Two methods of measuring functional connectivity gave largely similar results, finding abnormal coupling between the DLPFC and the hippocampus in the schizophrenia group and the sibling group, with the siblings showing connectivity values between those of the schizophrenia group and controls. A similar pattern was seen for DLPFC coupling with inferior parietal lobules (IPL) and with other regions of the PFC. Other aberrant DLPFC couplings turned up in schizophrenia—for example, with anterior cingulate cortex and with striatum—that were considered to be related to disease course ("state") because they were not found in siblings.

Genotype at the SNP was also associated with functional connectivity in controls, in the sibling group, and in schizophrenia. Individuals homozygous for the risk allele (AA) had disrupted DLPFC-hippocampal functional connectivity compared to those homozygous for the alternate C allele (CC), and heterozygotes (AC) had intermediate functional connectivity. This genetic association points to a role for ZNF804A in DLPFC-hippocampus coupling, and suggests that functional connectivity between these two regions constitutes a neural mechanism that is influenced by genetic risk for schizophrenia.

Future studies will have to replicate these findings in larger samples, as even genomewide genotyping outpaces brain scanning. Similarly, comprehensive behavioral testing is the rate-limiting factor in studies that try to associate genetic variants with neurophysiological or neurocognitive phenotypes related to schizophrenia. Undeterred, in April researchers reported that they had characterized 12 different behavioral endophenotypes—heritable measures that are impaired in schizophrenia, such as prepulse inhibition—in 534 study participants who had also been genotyped with an SNP array designed to probe 94 genes related to schizophrenia (Greenwood et al., 2011). They found 46 associated genes in all, with some associated with a single endophenotype and others with multiple endophenotypes. This suggests that there are different genetic routes to schizophrenia, and adds to the sense that delving into endo-/intermediate phenotypes will pave the way to a functional understanding of genetic variants related to schizophrenia.—Michele Solis.

Bakken TE, Bloss CS, Roddey JC, Joyner AH, Rimol LM, Djurovic S, Melle I, Sundet K, Agartz I, Andreassen OA, Dale AM, Schork NJ. Association of genetic variants on 15q12 with cortical thickness and cognition in schizophrenia. Arch Gen Psychiatry. 2011 Aug;68(8):781-90. Abstract

Rasetti R, Sambataro F, Chen Q, Callicott JH, Mattay VS, Weinberger DR. Altered Cortical Network Dynamics: A Potential Intermediate Phenotype for Schizophrenia and Association With ZNF804A. Arch Gen Psychiatry. 2011 Aug 1. Abstract

Comments on Related News

Related News: Interpret With Care: Cortical Thinning in Schizophrenia

Comment by:  Cynthia Shannon Weickert, SRF Advisor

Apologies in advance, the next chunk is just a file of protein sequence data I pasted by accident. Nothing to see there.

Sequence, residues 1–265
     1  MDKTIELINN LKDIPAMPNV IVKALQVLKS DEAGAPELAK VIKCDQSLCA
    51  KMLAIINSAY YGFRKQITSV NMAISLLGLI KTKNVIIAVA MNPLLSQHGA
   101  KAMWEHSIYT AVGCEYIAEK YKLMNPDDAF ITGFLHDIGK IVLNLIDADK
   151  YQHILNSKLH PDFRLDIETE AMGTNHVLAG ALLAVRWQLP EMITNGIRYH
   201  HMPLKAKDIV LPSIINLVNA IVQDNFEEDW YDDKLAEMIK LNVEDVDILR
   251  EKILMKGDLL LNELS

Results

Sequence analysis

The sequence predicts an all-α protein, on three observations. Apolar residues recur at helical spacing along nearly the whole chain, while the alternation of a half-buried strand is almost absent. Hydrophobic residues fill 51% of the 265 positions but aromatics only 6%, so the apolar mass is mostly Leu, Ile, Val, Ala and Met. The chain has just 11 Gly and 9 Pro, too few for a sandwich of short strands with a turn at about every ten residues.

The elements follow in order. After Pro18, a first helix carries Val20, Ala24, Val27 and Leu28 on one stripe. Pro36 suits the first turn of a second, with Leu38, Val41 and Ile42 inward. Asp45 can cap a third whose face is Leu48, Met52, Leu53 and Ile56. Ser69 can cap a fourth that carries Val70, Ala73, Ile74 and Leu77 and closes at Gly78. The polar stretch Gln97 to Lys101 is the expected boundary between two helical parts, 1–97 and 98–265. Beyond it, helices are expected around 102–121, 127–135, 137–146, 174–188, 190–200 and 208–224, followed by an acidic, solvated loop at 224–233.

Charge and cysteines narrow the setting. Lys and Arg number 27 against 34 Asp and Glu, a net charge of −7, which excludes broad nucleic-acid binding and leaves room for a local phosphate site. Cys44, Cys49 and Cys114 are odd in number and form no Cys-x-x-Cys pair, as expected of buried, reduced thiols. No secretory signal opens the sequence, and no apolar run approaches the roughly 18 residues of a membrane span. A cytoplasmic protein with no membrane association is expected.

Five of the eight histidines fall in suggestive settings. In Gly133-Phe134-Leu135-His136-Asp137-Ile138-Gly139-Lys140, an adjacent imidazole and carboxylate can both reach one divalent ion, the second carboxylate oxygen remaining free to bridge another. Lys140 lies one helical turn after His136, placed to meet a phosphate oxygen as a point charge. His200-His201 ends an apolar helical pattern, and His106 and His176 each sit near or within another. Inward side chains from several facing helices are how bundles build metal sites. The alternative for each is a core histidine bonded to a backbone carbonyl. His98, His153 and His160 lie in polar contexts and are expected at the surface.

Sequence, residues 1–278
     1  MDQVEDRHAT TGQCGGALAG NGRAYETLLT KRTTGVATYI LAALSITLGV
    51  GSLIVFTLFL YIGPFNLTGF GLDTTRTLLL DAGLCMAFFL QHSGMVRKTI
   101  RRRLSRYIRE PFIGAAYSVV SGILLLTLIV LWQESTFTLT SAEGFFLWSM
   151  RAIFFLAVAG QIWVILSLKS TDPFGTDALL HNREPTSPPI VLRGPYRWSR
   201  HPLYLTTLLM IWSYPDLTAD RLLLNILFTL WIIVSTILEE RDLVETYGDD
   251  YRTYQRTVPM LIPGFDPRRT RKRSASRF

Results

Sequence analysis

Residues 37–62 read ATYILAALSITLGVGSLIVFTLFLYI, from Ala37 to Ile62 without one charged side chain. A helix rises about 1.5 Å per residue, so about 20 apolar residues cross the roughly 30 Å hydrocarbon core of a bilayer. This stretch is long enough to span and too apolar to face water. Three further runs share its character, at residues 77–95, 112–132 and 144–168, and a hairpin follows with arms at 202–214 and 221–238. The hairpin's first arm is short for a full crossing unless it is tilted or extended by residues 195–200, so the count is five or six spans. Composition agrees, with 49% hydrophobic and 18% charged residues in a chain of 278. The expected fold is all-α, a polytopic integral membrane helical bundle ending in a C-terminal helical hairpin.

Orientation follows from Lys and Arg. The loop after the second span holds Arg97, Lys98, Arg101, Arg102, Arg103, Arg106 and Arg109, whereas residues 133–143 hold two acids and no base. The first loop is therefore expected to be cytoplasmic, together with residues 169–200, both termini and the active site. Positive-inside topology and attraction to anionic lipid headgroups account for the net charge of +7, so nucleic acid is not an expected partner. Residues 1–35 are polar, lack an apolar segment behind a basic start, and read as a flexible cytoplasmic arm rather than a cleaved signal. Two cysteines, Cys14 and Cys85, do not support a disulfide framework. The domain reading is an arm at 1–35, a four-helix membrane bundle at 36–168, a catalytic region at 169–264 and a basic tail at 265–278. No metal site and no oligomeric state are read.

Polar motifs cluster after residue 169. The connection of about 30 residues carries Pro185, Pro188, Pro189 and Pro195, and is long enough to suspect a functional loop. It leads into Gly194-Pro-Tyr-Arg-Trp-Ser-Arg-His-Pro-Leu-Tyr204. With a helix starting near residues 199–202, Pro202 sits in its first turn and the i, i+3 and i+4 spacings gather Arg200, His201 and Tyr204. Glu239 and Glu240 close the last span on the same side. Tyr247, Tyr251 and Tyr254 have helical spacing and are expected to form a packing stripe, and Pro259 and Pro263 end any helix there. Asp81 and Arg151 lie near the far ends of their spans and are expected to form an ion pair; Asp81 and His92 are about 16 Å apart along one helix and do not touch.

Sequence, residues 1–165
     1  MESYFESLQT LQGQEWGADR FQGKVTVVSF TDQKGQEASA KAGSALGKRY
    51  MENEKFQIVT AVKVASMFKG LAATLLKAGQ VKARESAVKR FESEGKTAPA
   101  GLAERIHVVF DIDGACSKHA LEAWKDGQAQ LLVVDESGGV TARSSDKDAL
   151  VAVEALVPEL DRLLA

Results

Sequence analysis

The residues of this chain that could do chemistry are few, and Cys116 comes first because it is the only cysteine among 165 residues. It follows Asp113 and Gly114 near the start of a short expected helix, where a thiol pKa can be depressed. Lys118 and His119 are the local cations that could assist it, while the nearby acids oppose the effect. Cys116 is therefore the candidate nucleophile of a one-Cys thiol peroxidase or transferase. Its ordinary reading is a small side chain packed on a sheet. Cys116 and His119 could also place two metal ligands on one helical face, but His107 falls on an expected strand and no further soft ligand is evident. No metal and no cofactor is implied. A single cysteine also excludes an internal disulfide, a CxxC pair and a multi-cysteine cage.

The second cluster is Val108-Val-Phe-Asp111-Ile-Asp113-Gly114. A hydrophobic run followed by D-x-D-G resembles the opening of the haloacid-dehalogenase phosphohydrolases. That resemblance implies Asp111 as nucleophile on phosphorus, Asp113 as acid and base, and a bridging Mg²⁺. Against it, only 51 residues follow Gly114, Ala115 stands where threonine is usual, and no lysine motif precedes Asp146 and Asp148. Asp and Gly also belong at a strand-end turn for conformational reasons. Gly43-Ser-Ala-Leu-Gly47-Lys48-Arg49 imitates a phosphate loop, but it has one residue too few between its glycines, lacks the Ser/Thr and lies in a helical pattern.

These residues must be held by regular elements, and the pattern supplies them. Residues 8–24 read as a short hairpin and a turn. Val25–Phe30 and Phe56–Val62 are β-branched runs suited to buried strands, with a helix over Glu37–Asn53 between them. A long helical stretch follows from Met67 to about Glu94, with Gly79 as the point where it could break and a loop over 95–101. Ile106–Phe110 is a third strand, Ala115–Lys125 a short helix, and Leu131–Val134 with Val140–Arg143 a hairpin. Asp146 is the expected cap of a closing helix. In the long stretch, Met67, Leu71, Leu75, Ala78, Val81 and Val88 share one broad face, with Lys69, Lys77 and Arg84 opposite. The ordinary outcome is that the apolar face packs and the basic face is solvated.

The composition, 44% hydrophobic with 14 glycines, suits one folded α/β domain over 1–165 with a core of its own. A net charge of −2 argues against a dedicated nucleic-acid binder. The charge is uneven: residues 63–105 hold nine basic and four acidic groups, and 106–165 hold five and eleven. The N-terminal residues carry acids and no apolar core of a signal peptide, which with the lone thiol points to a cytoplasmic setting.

Submitted 4 January 2012
Posted 4 January 2012

Plump Enough
Thanks for your thought-provoking review of structural MRI changes in schizophrenia. I had a couple of quick comments.

You make the statement that, "Though cortical thickness itself is below the resolution of typical MRI, image analysis algorithms can now infer thickness across the entire cortical sheet as it winds its way throughout the brain." I thought sMRI gathers information for about 2 mm cubed or so. So maybe the point to make is that cortex thickness is not below the resolution, but the putative change in thickness is below the resolution. It would be interesting to know if the putative change in cortical thickness in schizophrenia could be better viewed with 3T or 7T scanners.

Also, I wonder how to interpret decreases in volume over five years that seem to be as much as 5 percent in some areas. How long could this continue to be progressive at this rate, and what would be the final cortical volume expected in the final decade of life? For example, if the DLPFC BA46 is about 3,500 microns thick, then a 5 percent loss/five years over 20 years would leave you with about 2,850 microns, and that would be about a 20 percent decrease in thickness. While postmortem studies may be limited, as Karoly points out, certainly we know that the frontal cortex is still "plump enough" to define cyto-architecturally, and to examine at the histological level. We also consider that there is about a 10 percent loss in cortical thickness in people with schizophrenia. Certainly, the cortex does not degenerate completely as would be expected with relentless progression of loss and accumulated deterioration of cortical grey matter over time.

Thus, this is an interesting issue, but many questions remain. Is there a lot of case-to-case variability that underlies these averages such that some cases lose more cortical volume and some do not lose any at all? Could it be that, while there is cortical volume loss, there are some patients in whom this loss slows or even reverses naturally over the course of the disease? What is the physical substrate of such cortical volume loss in people with schizophrenia? Can we prevent cortical volume loss over time, and would this be beneficial to patient outcomes?

View all comments by Cynthia Shannon Weickert